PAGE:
Applying to Teach in Japan from Overseas: A Basic Guide
By Liam Carrigan
On April 25, 2017
My route to a current, stable life in Osaka wasn’t the most direct one. Before landing in my current home, I worked in Glasgow, Edinburgh, Tokyo, Okayama and Hong Kong. Along the way, I successfully secured employment in Japan from abroad not once, but twice — and under quite different personal circumstances.
Eligibility requirements, of course, vary depending on your country of origin, your level of education and your Japanese ability. Still, there is a basic process that applies to all who wish to come here to teach.
Before you begin, think about why you want to teach in Japan and make sure to keep that in mind as you slog through your applications (it’s likely that you’ll fill out more than one). The important thing during the process is not to give up. It can be hard playing the waiting game when all you want to do is jump on a plane and be in Japan already. But stick with it, stay positive, and you will get there.
Finding a job
To work in Japan for a regular working visa, you will first need a firm offer of employment. The employer must be based in Japan or at least have a Japan-based office or subsidiary that can sponsor your visa. Sites like GaijinPot and Career Engine allow you to search for jobs that will accept overseas applicants.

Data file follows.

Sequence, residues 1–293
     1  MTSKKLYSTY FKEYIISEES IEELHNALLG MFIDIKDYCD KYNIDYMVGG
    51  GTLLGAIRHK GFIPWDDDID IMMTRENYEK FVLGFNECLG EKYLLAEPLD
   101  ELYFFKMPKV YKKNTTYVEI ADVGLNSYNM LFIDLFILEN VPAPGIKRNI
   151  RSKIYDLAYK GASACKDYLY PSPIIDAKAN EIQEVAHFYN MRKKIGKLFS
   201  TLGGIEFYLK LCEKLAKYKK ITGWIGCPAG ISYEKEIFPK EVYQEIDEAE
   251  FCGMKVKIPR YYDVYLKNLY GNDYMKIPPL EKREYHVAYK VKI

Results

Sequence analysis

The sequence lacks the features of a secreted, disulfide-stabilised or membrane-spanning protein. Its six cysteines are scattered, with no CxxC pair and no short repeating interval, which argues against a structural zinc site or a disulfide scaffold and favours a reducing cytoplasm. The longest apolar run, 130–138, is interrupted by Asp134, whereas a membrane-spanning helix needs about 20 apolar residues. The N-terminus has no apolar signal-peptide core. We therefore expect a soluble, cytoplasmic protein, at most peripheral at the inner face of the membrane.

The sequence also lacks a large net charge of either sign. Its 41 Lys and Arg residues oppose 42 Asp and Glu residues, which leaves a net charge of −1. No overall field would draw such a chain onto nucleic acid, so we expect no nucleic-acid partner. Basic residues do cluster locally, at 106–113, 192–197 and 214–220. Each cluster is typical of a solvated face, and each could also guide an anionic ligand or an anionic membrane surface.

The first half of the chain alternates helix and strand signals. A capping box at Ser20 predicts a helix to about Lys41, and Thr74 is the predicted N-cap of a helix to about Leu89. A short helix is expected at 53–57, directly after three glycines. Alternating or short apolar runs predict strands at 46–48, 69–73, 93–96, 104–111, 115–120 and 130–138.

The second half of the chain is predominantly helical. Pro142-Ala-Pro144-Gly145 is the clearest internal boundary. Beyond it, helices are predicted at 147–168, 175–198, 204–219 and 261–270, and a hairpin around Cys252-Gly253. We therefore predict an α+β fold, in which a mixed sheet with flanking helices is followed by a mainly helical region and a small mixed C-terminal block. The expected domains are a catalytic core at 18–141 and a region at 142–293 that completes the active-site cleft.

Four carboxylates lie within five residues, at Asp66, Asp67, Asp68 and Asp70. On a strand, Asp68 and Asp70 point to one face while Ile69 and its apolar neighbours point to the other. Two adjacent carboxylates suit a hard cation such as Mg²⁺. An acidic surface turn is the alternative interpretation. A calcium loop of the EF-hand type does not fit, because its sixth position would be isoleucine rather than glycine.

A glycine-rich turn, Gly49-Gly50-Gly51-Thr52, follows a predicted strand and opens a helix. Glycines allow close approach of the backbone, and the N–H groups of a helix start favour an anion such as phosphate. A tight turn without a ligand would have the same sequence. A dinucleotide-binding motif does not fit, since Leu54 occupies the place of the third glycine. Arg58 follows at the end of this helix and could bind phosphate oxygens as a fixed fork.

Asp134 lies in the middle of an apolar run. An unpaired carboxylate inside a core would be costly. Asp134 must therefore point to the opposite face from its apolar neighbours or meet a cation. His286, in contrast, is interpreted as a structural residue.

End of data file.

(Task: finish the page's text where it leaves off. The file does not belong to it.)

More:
If you’re looking to come over as an English teacher, then the three most popular positions to search for are:
- ALT (assistant language teacher) jobs in schools across Japan with companies such as Interac and Altia Central
- Teaching at an eikaiwa (private English conversation school) offered by national chains such as Gaba, Berlitz, Shane and Nova
- The JET programme — a government-run teaching exchange program that dispatches native speakers to schools across the country
When’s the best time to apply?
In the case of ALT work, the peak recruitment times are from January to March and from June to September, coinciding with the start of the spring and autumn terms. Eikaiwa schools hire all year round and turnover is typically quite high from year to year. Teachers will seek out alternative employment with the greater flexibility once they have already secured working permission.
Applications for the JET Programme intake begin in late November, with interviews in early February. You’ll find out if you’ve got a place in March/April. If you don’t get in the first round, there’s a chance that you may be selected later under “alternate status” to replace somebody who has withdrawn early from the program.
The hiring process
First of all, you’ll do the obligatory job interview. This can take place over the telephone or via Skype, but if it’s a highly sought after position then the company may expect you to interview in person. Some English schools have overseas agents who may interview you at a recruitment event in your home country or at least somewhere that’s a lot cheaper to get to than Japan itself!
Getting your visa
After a successful interview, if you receive a job offer and accept, the company will begin the process of clearing you to work in Japan. Be prepared for this to take up to three months.